After nearly a decade of consistent increases in homelessness and stagnant affordable housing development, an overwhelming majority of Angelenos are struggling to afford a home, according to new data released today by The Angeleno Project. Prepared in partnership with the California Housing Partnership, “The Hard Facts: LA Homelessness and Housing by the Numbers 2023” reveals that 80% of renters living below and far below poverty spend more than half of their incomes on housing. After the passage of local measures, like Measure HHH, the City of Los Angeles is on track to reach its target of 10,000 Permanent Supportive Housing units. But, as housing costs continue rising, supply is severely behind demand, with LA short some 270,000 affordable housing units to meet current demand.  

The Angeleno Project compiled critical housing and homelessness data points to illustrate the scale of the housing and homelessness crisis in Los Angeles. Statistics in the factbook include:

  • Los Angeles is failing to meet the current demand for affordable housing while simultaneously losing affordable housing units at alarming rates.

  • LA is currently some 270,000 units short of the affordable housing it would need to meet current demand.

  • Some 3,500 housing units are at high or very high risk of losing their affordability terms, threatening to push more families into homelessness.

  • A significant dip in affordable housing that started in 2022 post-COVID-19 continues to trend downward. The production rate is the lowest we’ve seen in over a decade. It reflects a decrease similar to what was experienced during the last Great Recession.

  • In 2022, there were only two housing units for very low-income tenants for every 11 market-rate housing units.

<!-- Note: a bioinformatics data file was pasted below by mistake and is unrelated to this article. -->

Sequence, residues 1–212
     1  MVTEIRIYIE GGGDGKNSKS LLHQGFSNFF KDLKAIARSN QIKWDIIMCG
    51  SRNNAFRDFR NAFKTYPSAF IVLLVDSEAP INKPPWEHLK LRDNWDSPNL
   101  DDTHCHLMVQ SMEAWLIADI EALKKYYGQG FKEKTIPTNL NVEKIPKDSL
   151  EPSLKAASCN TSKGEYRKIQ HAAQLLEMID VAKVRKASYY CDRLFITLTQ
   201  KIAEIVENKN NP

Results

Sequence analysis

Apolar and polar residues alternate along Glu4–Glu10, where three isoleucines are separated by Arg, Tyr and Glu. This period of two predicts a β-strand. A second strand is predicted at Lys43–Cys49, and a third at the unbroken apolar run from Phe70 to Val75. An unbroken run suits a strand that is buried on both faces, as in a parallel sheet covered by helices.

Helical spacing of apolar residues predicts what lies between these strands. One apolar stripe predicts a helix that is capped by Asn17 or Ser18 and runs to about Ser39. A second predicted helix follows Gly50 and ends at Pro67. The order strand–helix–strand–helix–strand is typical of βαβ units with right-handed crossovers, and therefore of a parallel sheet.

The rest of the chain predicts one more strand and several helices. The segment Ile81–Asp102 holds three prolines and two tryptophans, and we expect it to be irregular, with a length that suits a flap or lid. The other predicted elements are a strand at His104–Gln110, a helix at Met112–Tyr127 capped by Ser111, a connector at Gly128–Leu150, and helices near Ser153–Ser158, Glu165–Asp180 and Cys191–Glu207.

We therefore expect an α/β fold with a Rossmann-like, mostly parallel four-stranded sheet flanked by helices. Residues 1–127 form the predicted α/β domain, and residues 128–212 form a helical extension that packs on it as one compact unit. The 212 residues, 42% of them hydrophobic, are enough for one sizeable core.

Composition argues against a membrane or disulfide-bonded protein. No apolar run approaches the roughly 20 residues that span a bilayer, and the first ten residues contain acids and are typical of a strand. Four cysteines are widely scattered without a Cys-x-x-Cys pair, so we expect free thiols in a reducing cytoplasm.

• 80% of extremely low-income renters pay over half their income toward housing costs.

  • Black Angelenos who rent are the most rent-burdened – with 45% of Black Renters spending more than half of their income on housing.

Encouraged by the critical progress that Mayor Karen Bass and the LA County Board of Supervisors have made and the new spirit of cooperation that we’re seeing with state and federal leaders, we want to build on this momentum. We are urgently calling on public and private sector leaders to think about the scale of the need and the scope of the challenge. Some of the baseline solutions our group is calling for include:  

  • Supporting funding for all housing options and services to transition the tens of thousands of people experiencing homelessness into housing that meets their needs.

  • Supporting a construction boom similar to post-WWII levels and explore nontraditional forms of financing and public-private partnerships. Considering the outsized impacts of the housing shortage on communities of color – including Black and Latinx households, respectively. Ensuring that all Angelenos have access to affordable housing units in the communities where they live, work, and play.

  • Exploring all creative housing models, for example, supporting families trying to house unsheltered relatives, supporting host families, and supporting rental support for those on social security, especially those experiencing mental health challenges.

Read our full press release here.

About Us: The Angeleno Project is an initiative launched by the Committee for a Greater Los Angeles. In 2020, the Committee for Greater LA brought a diverse group of Angelenos together around a shared vision that the region’s response to the pandemic crisis could catalyze systemic change. Through the work of Action Teams, the Committee produced nine reports examining disparities in Los Angeles and recommending bold and systemic solutions to address critical issues in four key areas: housing and homelessness, anti-Black racism, the digital divide, and equitable support of the nonprofit sector.